We drove up a red dirt road and rolled into a bare dirt patch in our blue Toyota Corona station wagon. We went because T-roy wanted to go. There were a few other cars parked and a few people standing on the edge of The Grotto.
The Grotto was just a steep stony sink with a green pool at the bottom. A high stone wall, taller than a house, contained three sides of the grotto. A stand of scrub closed the fourth side.
We crept down a steep path. Some girls were climbing out; their dad waited at the top of the wall and watched us. T-roy changed into a tiny swimsuit like European men wear on the beach. E-thang and I stripped to our boxers.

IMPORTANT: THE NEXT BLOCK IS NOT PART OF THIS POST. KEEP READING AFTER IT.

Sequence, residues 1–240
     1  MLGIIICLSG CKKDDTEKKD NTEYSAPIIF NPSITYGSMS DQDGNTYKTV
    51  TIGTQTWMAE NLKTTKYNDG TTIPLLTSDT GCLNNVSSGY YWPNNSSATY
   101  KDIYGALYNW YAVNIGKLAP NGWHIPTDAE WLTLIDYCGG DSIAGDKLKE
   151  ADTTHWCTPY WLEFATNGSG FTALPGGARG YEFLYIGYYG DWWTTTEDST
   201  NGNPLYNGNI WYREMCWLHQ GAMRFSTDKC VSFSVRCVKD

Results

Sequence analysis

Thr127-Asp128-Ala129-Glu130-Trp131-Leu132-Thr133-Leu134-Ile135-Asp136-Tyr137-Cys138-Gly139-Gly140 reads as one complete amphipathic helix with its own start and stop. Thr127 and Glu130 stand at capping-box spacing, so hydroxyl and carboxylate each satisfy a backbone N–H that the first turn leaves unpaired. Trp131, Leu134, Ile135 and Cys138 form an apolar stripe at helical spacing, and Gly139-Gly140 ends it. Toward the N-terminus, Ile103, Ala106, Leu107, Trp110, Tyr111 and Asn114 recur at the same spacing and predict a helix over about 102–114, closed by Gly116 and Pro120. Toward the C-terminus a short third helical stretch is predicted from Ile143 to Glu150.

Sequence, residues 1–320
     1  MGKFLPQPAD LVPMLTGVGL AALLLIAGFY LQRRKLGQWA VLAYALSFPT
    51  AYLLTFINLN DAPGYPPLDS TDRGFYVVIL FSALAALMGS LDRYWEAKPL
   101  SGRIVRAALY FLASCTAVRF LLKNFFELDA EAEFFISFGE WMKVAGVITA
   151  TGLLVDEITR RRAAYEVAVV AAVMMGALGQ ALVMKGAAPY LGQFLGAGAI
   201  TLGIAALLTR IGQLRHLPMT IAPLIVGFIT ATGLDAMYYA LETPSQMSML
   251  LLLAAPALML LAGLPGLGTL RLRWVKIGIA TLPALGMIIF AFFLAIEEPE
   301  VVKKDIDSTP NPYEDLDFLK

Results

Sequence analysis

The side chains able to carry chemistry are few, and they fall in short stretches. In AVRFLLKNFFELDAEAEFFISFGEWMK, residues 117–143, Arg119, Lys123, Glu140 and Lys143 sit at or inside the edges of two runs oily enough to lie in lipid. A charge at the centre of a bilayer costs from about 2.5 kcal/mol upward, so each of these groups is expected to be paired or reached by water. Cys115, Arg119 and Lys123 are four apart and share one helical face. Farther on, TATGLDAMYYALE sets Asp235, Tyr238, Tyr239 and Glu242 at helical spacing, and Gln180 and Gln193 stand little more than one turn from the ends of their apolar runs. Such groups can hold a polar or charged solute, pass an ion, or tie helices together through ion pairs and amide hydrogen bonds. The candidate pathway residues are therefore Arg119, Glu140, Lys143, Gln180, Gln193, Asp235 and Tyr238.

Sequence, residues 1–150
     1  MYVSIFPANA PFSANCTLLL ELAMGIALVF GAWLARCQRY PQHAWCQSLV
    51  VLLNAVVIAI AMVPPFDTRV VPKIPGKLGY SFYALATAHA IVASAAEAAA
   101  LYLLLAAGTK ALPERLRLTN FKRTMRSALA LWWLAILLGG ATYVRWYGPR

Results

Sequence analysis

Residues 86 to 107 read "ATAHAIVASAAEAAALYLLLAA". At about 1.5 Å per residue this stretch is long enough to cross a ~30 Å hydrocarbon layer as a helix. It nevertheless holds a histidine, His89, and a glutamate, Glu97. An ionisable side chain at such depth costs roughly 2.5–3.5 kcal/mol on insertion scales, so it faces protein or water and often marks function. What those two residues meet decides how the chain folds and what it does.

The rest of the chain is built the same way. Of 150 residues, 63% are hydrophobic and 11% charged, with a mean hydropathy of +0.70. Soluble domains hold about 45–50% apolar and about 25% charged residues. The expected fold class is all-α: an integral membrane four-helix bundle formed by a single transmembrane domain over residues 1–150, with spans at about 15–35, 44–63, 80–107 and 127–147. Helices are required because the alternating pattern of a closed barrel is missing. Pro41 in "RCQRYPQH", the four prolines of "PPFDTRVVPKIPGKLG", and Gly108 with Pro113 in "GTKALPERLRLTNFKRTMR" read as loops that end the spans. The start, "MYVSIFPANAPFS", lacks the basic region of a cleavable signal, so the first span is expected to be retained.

We swam. It felt so good after driving in the desert. We were all tired, sunburnt, dehydrated, hung over. It had been days of driving, months for some of us. We jumped in and splashed. It felt great.
After some time just swimming and laughing, we saw a giant snake coiling at the surface of the water, swimming like a sea serpent, disappearing and reappearing.
Australia is not safe. It is surrounded by great white sharks; its rivers and coasts are home to giant, toothy amphibian lizards that eat more than a few people each year; it crawls with spiders that kill; signs on the beaches warn of jellyfish that kill; and in the grottoes swim snakes that kill.
We climbed onto the rocky shore and then up the path with our bare feet, clothes hung over our shoulders and shoes in hand. Ours was the last car. The sun was way out over the Indian Ocean and a baked plain separated us from the coast. Small trees cast long shadows on the land. We wiped the sand off and drove on toward Darwin.